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To examine the injustice and inequality that prompted some NFL players to protest during the national anthem, each week, for the remainder of the NFL season, The Root will explore the data behind racial disparities in the two cities represented in the National Football League’s premiere matchup—Monday Night Football.

Tonight, the Tennesee Titans travel to Houston to take on the Texans.

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Just one.

Whenever one cites the endless number of studies to reference data that shows the disparate number of police shootings that involve black men, the people who are willing to hopscotch over dead black bodies to defend law enforcement always point to the lone study that disproves the myth of racism and police brutality. There is only one.

In 2016 celebrated Harvard economist Roland Fryer published An Empirical Analysis of Racial Differences in Police Use of Force. Fryer’s reputation preceded him, prompting every news outlet in the world to report his findings which concluded that cops do not disproportionately kill black citizens. Even the New York Times ran a headline that said: “Surprising New Evidence Finds Bias in Police Use of Force But Not In Shootings.”

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Since that day, conservatives and Blue Lives Matter proponents trot out Fryer’s findings every time they want to counter the narrative that police shoot black people more often. There was only one problem:

Fryer was wrong.

Although most trained economists, including myself, have dismissed the study for a number of reasons (it relied on a small sample size, it was not peer-reviewed, it doesn’t factor in that blacks are stopped by police at higher percentages) the biggest reason that Fryer’s study should have been printed on clown stationery is that he relied heavily on data from the Houston Police Department to determine if cops shot more black people, including whether the use of force was justified.

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But in spite of the fact that Houston police have shot hundreds of people since 2010, here’s how many officers have been charged for an unjustified on-duty shooting:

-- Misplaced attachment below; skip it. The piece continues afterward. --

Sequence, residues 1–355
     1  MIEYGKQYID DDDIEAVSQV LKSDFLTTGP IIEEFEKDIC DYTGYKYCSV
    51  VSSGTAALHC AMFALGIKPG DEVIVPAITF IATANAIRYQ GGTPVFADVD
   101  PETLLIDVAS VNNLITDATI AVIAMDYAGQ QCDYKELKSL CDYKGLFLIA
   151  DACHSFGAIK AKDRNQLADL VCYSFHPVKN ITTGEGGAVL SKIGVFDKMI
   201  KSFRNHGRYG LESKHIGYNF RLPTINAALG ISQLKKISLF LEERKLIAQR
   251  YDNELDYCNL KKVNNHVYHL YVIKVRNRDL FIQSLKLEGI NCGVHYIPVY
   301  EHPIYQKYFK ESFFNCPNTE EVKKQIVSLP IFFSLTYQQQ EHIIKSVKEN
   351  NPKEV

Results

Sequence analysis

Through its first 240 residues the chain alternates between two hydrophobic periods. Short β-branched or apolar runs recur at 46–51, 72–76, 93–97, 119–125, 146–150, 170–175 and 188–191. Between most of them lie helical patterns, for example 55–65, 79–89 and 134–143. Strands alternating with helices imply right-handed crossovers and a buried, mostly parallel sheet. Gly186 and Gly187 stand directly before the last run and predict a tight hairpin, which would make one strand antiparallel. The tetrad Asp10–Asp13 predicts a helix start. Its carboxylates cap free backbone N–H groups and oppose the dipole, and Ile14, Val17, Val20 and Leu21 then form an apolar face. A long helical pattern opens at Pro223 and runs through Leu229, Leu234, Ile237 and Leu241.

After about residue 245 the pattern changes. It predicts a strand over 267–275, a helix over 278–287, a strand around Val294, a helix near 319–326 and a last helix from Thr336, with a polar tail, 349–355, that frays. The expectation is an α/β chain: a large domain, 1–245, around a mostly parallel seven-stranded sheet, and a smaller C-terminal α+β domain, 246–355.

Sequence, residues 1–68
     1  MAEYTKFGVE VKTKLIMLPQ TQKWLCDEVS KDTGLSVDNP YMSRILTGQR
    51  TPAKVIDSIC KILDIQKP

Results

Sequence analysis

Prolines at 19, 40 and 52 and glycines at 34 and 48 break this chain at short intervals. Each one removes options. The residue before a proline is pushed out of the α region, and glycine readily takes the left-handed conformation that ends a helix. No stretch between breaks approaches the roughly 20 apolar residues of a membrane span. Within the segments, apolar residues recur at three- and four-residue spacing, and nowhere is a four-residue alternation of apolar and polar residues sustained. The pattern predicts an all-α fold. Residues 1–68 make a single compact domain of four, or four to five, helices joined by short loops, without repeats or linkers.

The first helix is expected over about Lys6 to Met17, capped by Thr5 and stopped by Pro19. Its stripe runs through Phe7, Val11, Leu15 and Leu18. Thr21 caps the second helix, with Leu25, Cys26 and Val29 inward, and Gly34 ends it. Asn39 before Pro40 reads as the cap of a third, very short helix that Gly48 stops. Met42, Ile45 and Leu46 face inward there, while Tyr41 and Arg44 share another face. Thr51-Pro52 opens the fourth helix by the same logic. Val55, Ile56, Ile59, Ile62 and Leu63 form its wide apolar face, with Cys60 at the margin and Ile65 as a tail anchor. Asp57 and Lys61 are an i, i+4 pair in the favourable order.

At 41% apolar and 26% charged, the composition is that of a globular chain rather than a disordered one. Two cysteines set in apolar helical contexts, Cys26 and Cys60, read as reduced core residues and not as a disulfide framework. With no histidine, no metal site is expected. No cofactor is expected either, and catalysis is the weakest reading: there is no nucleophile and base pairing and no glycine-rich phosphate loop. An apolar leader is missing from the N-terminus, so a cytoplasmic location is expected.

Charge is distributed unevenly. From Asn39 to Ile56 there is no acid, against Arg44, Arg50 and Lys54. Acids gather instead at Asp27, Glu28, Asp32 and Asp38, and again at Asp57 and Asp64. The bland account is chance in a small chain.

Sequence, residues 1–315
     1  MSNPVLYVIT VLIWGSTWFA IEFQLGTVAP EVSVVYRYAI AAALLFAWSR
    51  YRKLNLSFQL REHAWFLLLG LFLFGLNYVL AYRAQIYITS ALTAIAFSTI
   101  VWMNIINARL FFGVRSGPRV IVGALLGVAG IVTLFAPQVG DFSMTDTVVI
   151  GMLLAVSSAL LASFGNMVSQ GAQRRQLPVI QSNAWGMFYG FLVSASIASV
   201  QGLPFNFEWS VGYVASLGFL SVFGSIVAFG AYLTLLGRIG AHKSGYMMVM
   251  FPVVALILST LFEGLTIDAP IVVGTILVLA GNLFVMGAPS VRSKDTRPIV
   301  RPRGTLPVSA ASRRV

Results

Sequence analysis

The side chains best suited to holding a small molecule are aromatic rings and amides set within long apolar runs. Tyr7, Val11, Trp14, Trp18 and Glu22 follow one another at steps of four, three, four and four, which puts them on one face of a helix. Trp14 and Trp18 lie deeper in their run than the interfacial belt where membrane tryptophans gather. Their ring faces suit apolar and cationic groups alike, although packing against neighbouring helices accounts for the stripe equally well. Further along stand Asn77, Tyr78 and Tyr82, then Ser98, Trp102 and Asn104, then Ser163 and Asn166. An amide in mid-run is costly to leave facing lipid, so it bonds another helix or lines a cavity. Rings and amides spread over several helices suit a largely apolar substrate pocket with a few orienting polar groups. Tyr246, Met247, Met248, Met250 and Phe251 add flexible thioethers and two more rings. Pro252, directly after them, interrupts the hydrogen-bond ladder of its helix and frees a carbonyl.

Zero.

That number includes the cops who shot unarmed Alan Pean.

In 2016, Pean was hospitalized at Houston’s St. Joseph Hospital for a possible bipolar disorder, according to the New York Times. Pean never saw a psychiatrist but the hospital gave him Flexoril, a muscle relaxant that can exacerbate psychotic episodes. As he became more delusional, his family asked if he could see a psychiatrist. While they waited, a nurse called two off-duty officers to Pean’s room.

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The officers entered the room unannounced and closed the door behind them. No one can say what happened for sure, but we know one of the cops Tased Pean first. Then one of the officers pulled out a gun and fired a bullet into Pean’s chest.

Just one.

Pean lived. The officers were never charged with a crime by the hospital or Houston’s law enforcement community. There was only one person who was ever charged with a crime in the incident but a grand jury eventually found insufficient evidence on the charge of “assault with a deadly weapon ...”

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Alan Pean.

Pean lived. But like most of the 335 people who were shot by Houston police officers between 2010 and 2017, Pean received no justice.

When The Root analyzed the Houston Police Department’s officer-involved-shooting data, we found that nearly a third (31.5 percent) of the people shot by Houston police officers between 2010 and 2017 were listed as having no weapon at all. And despite Houston’s population being only 22 percent black, 40 percent of the unarmed victims of HPD shootings were black.

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Fifty-two percent of all the people shot by Houston officers since 2010 were black. And while whites make up 25 percent of Houston’s population, they are only 10 percent of police shooting victims. A black person in Houston is nearly five times more likely than a white person to be shot by a Houston police officer.

Yet, the Houston Chronicle reports that the last time a police officer has even been charged for shooting someone on duty was in 2004.

And according to 2015 traffic stop data, black people in Houston were more likely than any other race to be stopped by police and more likely to be searched, even though cops were more likely to find white people in possession of something illegal in plain view.